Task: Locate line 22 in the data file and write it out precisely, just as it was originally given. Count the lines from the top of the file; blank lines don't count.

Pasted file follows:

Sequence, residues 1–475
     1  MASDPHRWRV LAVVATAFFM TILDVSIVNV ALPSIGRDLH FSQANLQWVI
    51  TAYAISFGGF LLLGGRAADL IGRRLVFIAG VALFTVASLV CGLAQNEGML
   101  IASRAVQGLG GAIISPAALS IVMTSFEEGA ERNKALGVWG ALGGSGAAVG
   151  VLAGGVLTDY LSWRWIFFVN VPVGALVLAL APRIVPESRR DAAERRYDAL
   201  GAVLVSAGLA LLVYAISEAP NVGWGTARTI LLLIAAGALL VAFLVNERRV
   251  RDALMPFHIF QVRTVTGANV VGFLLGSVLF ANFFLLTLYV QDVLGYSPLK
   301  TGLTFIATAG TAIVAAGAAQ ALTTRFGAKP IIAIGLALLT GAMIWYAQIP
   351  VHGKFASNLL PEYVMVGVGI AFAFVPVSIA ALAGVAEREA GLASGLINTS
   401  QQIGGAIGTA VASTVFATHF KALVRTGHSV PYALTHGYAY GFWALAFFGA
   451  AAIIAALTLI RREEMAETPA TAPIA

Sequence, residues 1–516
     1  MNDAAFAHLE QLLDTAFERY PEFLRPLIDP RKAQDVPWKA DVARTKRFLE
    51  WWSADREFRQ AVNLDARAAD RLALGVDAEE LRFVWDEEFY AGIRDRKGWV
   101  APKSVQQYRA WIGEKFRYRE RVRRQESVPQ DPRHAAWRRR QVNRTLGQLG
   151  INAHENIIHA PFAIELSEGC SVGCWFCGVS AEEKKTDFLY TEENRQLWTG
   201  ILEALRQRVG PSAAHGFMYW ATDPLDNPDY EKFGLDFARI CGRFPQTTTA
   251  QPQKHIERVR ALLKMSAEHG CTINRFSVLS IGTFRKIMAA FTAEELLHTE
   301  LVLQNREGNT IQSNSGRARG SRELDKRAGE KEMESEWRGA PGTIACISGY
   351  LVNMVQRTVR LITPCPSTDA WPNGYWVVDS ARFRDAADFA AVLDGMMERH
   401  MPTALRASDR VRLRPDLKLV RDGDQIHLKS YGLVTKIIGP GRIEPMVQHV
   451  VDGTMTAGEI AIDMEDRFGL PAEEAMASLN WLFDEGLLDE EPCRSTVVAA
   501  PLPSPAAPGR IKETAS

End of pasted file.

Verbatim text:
   451  VDGTMTAGEI AIDMEDRFGL PAEEAMASLN WLFDEGLLDE EPCRSTVVAA